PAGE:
When I look at the picture that was taken at my Buxton home in l937, my thoughts take me back to my early childhood days on Hatteras Island and of my best friend at that time. My best friend was my dog, Queenie.

I guess the reason Queenie has remained in my memories all of these years is because she came to me at a time in my life when I needed constant companionship and a true friend. Before this picture, I had suffered a severe burn and was confined to a bed for a long time. It was during that time Queenie arrived at our home to be by my side.

Queenie stayed at the foot of my bed during those long months I longed to feel the sand between my toes on the island beaches and sand roads. It was Queenie, with a wagging tail that greeted the many islanders who took the time to bring me gifts and visit with me. It was Queenie that nuzzled her nose against me to help comfort me when the pain from the burn began to hurt. It was Queenie that guided me along when I finally left the bed to walk on the hand-whittled crutches made for me by a man with the WPA.

Queenie stayed with me throughout my childhood and into my teenage years. Together we roamed the sound side, woods, and beach as free spirits. Everyday was a new adventure as we unraveled the marvels of living on a fun-filled island.

Back then there where no fences, no leashes, no concerns about feces on the beach, and no animal-haters. Everybody on the island loved animals and children.

Then, suddenly, a dark cloud overshadowed our island. It was World War II. My father was called back into the service and placed on recruiting duty in Charleston, W.Va. We moved without Queenie to an apartment in the busy city of Charleston, the state capital of West Virginia. I was separated from my best friend.

Queenie was back in Buxton with Halloway and Levetta Gray, who lived in front of our house. I longed to have Queenie by my side, and finally arrangements were made by my father to ship Queenie to me. When Queenie arrived in Charleston by train, it was a happy day for the two of us. As the days progressed, I soon learned what Queenie and I had lost when we left Hatteras Island.

No longer were we free spirits to roam the beaches together. Now we were in a land of many fences, leashes, concrete, and constant complaints about children and animals. Life was never the same for Queenie or me after we left our beautiful island. War changes things.

If there is a dog heaven, I hope for Queenie that it will have an open and free beach that all dogs will be free to roam with their owners, without rules and regulations to stop them from enjoying the fun of just being together.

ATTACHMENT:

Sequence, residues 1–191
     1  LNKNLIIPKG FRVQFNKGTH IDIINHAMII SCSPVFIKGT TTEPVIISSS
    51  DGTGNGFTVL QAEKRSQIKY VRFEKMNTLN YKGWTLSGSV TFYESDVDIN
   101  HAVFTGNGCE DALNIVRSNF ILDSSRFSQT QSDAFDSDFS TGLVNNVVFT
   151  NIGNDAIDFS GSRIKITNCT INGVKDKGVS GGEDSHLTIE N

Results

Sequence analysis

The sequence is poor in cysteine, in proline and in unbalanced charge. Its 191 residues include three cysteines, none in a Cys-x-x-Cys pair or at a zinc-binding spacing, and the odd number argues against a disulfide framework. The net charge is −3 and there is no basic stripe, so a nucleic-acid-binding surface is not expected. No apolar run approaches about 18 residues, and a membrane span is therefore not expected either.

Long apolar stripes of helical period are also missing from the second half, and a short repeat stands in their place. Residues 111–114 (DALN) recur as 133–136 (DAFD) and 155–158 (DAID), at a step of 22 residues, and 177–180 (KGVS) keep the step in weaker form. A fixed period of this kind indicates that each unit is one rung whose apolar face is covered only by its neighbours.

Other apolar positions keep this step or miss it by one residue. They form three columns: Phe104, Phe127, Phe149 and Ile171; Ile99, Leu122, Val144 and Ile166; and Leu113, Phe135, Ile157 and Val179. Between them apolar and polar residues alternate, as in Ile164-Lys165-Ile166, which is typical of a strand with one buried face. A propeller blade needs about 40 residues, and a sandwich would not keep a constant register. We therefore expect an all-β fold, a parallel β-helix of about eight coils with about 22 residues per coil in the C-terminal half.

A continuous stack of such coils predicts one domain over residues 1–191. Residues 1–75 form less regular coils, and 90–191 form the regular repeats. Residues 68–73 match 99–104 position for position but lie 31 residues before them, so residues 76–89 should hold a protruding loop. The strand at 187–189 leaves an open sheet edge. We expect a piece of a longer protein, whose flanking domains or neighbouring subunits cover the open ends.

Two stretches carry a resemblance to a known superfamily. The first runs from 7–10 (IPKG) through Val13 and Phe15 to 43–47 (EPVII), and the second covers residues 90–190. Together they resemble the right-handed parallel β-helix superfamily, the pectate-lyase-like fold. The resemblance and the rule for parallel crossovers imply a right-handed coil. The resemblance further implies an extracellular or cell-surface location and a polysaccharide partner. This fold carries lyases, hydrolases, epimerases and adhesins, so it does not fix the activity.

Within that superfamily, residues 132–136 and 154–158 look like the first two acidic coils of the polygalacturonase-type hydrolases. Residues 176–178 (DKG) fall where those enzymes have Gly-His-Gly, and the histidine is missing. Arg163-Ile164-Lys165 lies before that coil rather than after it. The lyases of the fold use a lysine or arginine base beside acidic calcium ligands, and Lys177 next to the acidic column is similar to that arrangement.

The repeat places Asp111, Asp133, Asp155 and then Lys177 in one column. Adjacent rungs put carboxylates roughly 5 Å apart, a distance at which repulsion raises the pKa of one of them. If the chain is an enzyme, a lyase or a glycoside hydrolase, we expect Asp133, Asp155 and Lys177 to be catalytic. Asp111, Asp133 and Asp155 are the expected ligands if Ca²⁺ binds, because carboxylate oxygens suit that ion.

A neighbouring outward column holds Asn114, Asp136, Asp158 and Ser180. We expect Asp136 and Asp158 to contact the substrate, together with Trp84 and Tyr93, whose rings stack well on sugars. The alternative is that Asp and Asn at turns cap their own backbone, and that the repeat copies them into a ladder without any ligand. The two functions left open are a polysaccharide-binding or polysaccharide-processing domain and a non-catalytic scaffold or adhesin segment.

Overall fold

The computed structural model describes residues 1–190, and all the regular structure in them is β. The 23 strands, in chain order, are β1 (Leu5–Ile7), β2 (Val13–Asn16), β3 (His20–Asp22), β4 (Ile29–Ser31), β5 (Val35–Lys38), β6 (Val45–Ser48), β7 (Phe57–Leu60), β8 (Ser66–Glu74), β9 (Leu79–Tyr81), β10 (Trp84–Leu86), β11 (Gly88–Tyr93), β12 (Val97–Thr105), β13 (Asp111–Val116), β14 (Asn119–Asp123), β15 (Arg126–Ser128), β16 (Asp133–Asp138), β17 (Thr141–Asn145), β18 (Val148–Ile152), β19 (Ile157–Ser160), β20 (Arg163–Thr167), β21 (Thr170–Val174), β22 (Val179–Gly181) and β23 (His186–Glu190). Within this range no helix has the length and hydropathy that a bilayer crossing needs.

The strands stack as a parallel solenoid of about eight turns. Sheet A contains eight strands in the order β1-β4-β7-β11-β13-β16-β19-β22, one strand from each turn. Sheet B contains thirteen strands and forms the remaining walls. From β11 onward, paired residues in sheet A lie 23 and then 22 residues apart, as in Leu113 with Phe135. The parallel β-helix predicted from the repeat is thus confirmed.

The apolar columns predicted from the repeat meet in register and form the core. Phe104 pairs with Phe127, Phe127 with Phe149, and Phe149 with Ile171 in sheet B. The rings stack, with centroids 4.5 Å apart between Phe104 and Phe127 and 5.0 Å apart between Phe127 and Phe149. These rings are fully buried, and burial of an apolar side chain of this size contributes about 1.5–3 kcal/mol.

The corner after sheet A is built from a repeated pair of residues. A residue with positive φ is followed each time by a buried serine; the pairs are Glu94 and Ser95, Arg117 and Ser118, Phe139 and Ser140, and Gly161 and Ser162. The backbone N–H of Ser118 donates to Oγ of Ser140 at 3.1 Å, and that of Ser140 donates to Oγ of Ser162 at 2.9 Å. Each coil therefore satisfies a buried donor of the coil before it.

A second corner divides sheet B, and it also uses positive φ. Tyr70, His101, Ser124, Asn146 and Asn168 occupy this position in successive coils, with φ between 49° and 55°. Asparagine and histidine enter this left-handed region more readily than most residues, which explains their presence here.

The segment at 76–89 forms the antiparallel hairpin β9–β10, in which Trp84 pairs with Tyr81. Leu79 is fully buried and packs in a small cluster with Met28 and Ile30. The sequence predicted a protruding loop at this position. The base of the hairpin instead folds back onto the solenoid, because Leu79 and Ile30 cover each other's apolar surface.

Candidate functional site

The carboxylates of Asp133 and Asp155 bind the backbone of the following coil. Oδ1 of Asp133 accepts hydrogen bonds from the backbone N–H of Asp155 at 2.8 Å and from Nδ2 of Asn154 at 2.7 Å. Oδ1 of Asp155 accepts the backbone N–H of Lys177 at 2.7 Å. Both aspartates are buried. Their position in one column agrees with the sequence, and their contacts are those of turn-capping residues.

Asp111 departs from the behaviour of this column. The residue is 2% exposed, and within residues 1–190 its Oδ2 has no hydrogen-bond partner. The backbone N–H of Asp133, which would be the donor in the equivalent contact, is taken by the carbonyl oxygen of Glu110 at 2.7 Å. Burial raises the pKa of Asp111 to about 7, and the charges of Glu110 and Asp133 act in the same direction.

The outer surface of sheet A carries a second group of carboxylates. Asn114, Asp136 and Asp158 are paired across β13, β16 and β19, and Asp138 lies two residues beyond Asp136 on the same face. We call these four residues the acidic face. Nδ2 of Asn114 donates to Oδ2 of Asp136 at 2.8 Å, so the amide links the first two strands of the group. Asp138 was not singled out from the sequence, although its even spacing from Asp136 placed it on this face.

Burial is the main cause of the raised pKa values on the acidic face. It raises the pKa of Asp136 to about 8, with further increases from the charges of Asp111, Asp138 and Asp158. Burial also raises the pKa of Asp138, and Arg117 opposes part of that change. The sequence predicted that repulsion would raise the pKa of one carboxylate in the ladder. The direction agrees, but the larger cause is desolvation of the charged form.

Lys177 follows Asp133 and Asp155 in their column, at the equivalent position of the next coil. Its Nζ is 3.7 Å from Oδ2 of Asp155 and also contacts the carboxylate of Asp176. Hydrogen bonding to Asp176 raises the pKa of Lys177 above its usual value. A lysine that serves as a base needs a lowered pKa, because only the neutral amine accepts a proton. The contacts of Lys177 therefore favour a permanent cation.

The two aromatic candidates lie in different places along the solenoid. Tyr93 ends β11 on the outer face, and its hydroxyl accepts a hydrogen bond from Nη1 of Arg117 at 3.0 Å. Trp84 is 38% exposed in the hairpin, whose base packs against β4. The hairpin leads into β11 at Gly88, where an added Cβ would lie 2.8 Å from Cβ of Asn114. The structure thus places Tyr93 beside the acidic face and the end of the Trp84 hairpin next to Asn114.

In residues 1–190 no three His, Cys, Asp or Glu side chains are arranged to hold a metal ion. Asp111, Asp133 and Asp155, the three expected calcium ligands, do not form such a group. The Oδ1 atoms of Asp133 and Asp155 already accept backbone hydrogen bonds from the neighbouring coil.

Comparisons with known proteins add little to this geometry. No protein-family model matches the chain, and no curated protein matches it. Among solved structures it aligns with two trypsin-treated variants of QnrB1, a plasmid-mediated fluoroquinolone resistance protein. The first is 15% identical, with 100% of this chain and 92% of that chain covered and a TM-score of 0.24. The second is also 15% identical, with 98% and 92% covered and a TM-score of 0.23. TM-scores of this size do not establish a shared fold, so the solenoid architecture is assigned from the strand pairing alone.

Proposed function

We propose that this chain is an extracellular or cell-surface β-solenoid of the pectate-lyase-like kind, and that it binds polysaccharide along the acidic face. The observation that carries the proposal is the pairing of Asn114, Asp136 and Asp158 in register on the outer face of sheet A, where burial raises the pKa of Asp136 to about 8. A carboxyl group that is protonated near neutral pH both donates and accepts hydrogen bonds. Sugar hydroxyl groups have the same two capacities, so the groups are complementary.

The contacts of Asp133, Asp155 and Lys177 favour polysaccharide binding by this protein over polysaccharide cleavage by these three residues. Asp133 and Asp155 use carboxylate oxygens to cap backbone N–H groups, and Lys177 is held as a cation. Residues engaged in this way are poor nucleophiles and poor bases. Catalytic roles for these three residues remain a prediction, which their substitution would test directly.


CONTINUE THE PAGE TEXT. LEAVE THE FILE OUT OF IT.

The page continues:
Do you have a favorite pet you remember?

Dewey, Lucie, and Queenie
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Seaside Stress
Theres a stress at the seashore, but the islanders resist it
published in: october of 2001

Seaside Stress

There Is stress at the seashore, but islanders resist it


Dewey Parr

The word, "stress," was not a predominant word in the vocabulary of the pioneers on Hatteras and Ocracoke. Nowadays you are constantly hearing about being "stressed out" or how to cope with stressful living. Many visitors I talk with as I roam the grounds of the Old Gray House tell me they can hardly wait to get to the islands so they can get away from all of the stress of their jobs and city living.

Living in what some seem to think is a total stress-free environment, I thought I would look up the word "stress" to see what it is that I, along with the rest of the islanders, have been deprived of. Now the big book, "Webster's Dictionary," says stress is, "a physical, chemical, or emotional factor that causes bodily or mental tension and may be a factor in disease causation."

As I see it, stress is a self-inflicted disorder that is caused by one's inability or unwillingness to cope with the everyday problems of life. To remain in a prolonged state of stress leads to emotional instability, depression, and physical problems, such as heart disorders, strokes, diabetes, and so forth.

There is no doubt that we have the ingredients of stress on the islands. There are probably as many or more things for us to be stressed about than most people have living in the big cities. Our sudden weather changes and having to cope every year with the potential of a hurricane or a severe nor'easter is in itself enough to cause stress.

We need to be reminded there a lot of factors that have changed between the old days and today when it comes to severe storms. It used to be we never thought anything about hurricanes until a day or so before they hit the island. We knew a big one was coming when the sea gulls began to congregate on our roof. We didn't have a newspaper or the Weather Channel to tell us every minute there was a storm coming. There were no evacuations. No one ever thought of leaving the islands. In fact, back then if you did want to leave, there was no way to get off.